WEll said Dorastus, thou kéepest a right decorum, base desires and homely attires: thy thoughtes are fit for none but a shepheard, and thy apparell such as only become a shepheard. A strang change from a Prince to a pesant? What is it? thy wretched fortune or thy wilful folly? Is it thy cursed destinies? Or thy crooked desires, that appointeth thée this penance? Ah Dorastus thou canst but loue, and vnlesse thou loue, thou art like to perish for loue. Yet fond foole, choose flow­ers, not weedes: Diamondes, not peables: Ladies which may honour thée, not shepheards which may disgrace thée. Venus is painted in silkes, not in ragges: and Cupid treadeth on dis­dame, when he reacheth at dignitie. And yet Dorastus shame not at thy shepheards wéede: the heauenly Godes haue some­time earthly thoughtes: Neptune became a Ram, Iupiter a Bul, Apollo a shepheard: they Gods, and yet in loue: and thou a man appointed to loue.

Deuising thus with himselfe, hée drew nigh to the place where Fawnia was kéeping her shepe, who casting her eye a­side, and seeing such a manerly shepheard, perfectly limmed, and comming with so good a pace, she began halfe to forget Dorastus, & to fauor this prety shepheard, whom she thought shee might both loue and obtaine: but as shee was in these thoughts, she perceiued then, it was the yong prince Dora­stus, wherfore she rose vp, and reuerently saluted him. Dora­stus taking her by the hand, repaied her curtesie with a sweete kisse, and praying her to sit downe by him, he began thus to lay the batterie.

IF thou maruell Fawnia at my strange attyre, thou woul­dest more muse at my vnaccustomed thoughtes: the one dis­graceth but my outward shape, the other disturbeth my in­ward sences. I loue Fawnia, and therefore what loue liketh I cannot mislike. Fawnia thou hast promised to loue, and I [Page] hope thou wilt performe no lesse: I haue fulfilled thy request, and now thou canst but graunt my desire. Thou wert con­tent to loue Dorastus when he ceast to be a Prince; and to be­come a shepheard, and see I haue made the change, and there­fore not to misse of my choice.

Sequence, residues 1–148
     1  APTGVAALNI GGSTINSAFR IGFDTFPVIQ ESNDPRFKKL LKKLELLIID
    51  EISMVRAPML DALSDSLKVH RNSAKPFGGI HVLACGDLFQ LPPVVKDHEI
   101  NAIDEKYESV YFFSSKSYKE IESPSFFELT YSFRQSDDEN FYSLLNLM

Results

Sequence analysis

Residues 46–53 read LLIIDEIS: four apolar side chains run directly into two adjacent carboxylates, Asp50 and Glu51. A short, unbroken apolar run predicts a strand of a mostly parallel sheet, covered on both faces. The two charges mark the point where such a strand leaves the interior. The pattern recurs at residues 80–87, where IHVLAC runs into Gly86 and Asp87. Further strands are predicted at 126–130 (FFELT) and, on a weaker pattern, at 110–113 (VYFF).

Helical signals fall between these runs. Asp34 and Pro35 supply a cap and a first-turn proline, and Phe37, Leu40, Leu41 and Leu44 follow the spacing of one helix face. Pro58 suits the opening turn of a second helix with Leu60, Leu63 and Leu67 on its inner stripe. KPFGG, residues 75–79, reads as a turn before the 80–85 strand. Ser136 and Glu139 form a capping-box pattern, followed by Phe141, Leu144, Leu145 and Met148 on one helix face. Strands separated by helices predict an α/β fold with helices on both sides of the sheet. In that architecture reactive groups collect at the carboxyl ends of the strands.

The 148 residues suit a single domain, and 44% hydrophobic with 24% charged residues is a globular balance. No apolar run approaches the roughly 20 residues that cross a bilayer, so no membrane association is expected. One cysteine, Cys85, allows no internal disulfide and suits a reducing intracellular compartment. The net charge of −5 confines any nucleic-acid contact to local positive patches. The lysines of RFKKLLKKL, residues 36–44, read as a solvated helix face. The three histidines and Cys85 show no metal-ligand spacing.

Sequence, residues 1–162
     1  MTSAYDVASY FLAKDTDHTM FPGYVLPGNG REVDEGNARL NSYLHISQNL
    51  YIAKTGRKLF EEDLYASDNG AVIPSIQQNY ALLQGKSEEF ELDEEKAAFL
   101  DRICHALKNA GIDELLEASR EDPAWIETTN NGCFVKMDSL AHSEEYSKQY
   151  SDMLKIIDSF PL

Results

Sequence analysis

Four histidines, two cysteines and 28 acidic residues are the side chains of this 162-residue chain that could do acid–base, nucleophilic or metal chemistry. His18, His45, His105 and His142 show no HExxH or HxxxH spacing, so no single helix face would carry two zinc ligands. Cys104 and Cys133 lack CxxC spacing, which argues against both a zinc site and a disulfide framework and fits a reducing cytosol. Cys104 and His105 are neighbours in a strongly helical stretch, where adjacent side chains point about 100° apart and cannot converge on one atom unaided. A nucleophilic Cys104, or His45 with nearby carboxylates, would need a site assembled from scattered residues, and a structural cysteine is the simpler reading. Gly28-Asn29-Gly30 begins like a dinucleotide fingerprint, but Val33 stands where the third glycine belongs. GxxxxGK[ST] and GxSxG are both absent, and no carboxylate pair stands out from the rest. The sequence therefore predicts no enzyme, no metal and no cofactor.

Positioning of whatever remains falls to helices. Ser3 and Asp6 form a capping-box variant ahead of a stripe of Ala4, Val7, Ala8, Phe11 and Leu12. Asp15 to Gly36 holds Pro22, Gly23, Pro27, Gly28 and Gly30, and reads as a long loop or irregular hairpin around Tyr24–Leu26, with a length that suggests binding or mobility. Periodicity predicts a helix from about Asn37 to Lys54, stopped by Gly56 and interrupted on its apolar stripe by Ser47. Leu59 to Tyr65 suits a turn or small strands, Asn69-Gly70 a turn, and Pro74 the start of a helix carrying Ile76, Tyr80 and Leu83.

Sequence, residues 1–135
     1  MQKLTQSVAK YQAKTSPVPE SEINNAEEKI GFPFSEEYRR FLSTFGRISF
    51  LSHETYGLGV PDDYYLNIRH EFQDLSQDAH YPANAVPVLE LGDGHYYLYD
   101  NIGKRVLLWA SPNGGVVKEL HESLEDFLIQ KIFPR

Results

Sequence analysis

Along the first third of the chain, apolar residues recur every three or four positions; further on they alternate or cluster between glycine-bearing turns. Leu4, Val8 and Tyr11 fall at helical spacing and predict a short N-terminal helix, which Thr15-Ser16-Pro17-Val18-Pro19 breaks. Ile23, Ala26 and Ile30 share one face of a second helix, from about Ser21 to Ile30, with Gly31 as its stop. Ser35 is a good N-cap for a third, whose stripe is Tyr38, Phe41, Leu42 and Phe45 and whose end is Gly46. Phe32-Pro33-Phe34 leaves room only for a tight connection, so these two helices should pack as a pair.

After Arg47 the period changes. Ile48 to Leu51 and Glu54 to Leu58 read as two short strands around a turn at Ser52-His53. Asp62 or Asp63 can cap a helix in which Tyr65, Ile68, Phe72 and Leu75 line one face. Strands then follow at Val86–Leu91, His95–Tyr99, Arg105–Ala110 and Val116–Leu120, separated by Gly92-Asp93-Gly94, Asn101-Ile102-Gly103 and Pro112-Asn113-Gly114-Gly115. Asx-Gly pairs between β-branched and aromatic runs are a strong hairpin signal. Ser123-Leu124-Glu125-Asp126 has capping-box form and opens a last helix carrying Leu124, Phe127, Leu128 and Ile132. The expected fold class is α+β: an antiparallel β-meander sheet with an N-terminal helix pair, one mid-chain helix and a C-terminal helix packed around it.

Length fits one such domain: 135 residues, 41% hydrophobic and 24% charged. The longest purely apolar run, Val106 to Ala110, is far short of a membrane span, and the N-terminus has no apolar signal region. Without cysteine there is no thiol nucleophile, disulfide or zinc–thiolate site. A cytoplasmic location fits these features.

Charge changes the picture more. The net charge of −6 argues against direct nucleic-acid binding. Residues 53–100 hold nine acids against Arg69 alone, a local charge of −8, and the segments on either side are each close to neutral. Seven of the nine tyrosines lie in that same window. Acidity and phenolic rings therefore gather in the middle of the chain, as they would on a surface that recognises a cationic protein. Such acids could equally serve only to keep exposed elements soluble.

TRueth, quoth Fawnia, but all that weare Cooles are not Monkes: painted Eagles are pictures, not Eagles, Zeusis Grapes were like Grapes, yet shadowes: rich cloth­ing make not princes: nor homely attyre beggers: shepheards are not called shepheardes, because they were hookes and bagges: but that they are borne poore, and liue to keepe sheepe, so this attire hath not made Dorastus a shepherd, but to steme like a shephherd.

WEll Fawnia, answered Dorastus: were I a shepherd, I could not but like thee, and being a prince I am forst to loue thee. Take heed Fawnia, be not proud of beauties painting, for it is a flower that fadeth in the blossome. Those which disdayne in youth are despised in age: Beauties sha­dowes are trickt vp with times colours, which being set to drie in the sunne are stained with the sunne, scarce pleasing the sight ere they beginne not to be worth the sight, not much vn­like the herbe Ephemeron, which flourisheth in the morning and is withered before the sunne setting: if my desire were a­gainst lawe, thou mightest iustly deny me by reason, but I loue thee Fawnia, not to misuse thee as a Concubine, but to vse thee as my wife: I can promise no more, and meane to performe no lesse.

Fawnia hearing this solemne protestation of Dorastus, could no longer withstand the assault, but yeelded vp the forte in these friendly tearmes.